“Yes. The people at the church told me that I am God’s child first and foremost. He also gave me a purpose. Thinking that way was life-changing. I was no longer desperate for the love I never got from my parents. According to Christianity, the love of humans is limited, but God’s love has no limits or conditions.”
“And the volunteering?”
“One of the lessons that the church people taught me was to give if I wanted to receive. They kept on saying that giving love to others would help me better understand God's own love for me—and for all of us. They quoted the Gospel of Luke: Give and it will be given to you.
“This was what was wrong with the world, what was wrong with my parents: Everybody was way too selfish. I was selfish too. So I began volunteering. I did the soup kitchen. I helped out at animal shelters. I grew my hair long, cut it off, and donated it. It was difficult—spending my time doing charity work rather than the usual kid stuff. But it was so rewarding. And my life began to change. Good things randomly started happening to me. I couldn’t explain it at first. But then I could—what I had given others was coming back to me. Give and it will be given to you became my mantra.”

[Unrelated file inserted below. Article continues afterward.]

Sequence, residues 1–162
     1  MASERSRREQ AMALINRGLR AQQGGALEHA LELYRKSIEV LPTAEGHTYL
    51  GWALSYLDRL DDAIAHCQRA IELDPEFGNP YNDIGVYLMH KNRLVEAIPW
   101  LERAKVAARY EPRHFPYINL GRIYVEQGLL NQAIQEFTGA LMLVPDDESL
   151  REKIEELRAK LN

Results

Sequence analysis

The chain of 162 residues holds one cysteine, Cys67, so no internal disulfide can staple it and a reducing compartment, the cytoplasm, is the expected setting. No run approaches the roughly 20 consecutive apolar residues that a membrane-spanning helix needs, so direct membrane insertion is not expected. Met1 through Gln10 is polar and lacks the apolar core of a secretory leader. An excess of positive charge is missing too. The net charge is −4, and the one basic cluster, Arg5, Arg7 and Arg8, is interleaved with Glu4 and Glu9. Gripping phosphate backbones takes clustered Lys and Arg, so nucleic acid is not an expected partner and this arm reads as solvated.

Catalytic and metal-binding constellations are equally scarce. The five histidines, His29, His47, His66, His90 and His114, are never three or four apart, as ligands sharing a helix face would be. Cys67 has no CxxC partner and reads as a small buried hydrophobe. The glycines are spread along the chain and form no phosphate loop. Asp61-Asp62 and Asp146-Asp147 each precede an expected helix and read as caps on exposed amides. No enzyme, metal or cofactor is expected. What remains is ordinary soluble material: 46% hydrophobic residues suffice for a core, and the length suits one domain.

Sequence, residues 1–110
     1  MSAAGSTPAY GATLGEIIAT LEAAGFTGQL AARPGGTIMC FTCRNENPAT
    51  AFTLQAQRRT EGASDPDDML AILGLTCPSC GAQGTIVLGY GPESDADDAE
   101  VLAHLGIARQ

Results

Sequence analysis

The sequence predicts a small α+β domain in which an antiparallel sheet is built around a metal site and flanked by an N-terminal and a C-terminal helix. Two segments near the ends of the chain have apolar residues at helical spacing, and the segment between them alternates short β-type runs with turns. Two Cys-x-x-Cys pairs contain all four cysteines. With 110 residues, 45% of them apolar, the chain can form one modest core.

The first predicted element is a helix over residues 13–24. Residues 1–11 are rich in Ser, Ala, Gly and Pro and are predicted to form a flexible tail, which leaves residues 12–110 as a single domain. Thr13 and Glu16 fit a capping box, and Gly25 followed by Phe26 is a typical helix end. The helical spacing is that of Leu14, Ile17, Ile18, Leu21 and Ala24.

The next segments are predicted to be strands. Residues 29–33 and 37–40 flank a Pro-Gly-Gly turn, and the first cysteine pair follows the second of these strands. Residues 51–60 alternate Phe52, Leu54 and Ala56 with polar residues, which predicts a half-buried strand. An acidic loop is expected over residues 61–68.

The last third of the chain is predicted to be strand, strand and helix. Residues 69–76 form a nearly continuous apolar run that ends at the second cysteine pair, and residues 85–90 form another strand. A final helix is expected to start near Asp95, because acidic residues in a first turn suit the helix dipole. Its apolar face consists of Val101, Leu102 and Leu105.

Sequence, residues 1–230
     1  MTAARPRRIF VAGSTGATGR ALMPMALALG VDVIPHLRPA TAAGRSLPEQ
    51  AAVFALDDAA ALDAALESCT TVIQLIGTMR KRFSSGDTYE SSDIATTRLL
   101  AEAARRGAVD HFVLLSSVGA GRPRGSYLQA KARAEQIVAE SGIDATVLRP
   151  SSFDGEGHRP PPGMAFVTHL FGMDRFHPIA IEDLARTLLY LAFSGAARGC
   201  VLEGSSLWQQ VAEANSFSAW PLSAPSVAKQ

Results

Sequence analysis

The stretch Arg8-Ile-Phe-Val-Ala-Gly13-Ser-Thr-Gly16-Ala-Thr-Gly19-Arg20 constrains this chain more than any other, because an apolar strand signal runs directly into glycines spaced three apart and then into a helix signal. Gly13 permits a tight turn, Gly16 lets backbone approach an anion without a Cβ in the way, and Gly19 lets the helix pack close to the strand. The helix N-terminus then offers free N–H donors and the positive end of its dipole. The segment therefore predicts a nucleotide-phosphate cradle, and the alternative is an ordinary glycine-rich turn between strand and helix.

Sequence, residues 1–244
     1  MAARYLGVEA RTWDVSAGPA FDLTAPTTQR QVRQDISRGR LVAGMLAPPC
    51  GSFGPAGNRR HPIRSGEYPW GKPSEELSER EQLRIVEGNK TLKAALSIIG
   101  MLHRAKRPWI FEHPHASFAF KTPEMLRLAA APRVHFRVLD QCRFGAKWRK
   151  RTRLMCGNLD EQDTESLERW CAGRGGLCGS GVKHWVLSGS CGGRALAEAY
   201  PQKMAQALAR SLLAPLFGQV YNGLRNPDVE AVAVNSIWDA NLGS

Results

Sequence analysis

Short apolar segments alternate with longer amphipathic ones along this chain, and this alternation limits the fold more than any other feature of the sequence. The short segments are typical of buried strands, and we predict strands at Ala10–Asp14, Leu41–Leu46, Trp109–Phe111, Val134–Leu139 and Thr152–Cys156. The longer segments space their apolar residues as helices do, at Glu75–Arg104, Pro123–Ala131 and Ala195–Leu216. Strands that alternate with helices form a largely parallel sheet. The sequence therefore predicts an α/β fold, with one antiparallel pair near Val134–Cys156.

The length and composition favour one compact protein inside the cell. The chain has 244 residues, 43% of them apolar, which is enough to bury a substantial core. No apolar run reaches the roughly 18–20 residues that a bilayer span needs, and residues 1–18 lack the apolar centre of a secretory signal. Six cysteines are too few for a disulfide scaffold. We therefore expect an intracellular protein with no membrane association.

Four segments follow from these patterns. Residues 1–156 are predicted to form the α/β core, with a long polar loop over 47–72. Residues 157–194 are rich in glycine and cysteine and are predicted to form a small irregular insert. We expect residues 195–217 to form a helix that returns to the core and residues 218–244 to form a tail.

“That’s awesome. Your story’s so unbelievable and inspiring. You know, I left home today because I was bored. I thought I’d just take a walk. I didn’t expect to meet someone like you.”
“Life is unpredictable, what can I say?” Laura said and laughed.
Anabelle looked outside. While they had been eating and talking, it had gotten dark. The streetlights had switched on, making the snow look yellow. They left the mall and walked until they reached the high-rise building.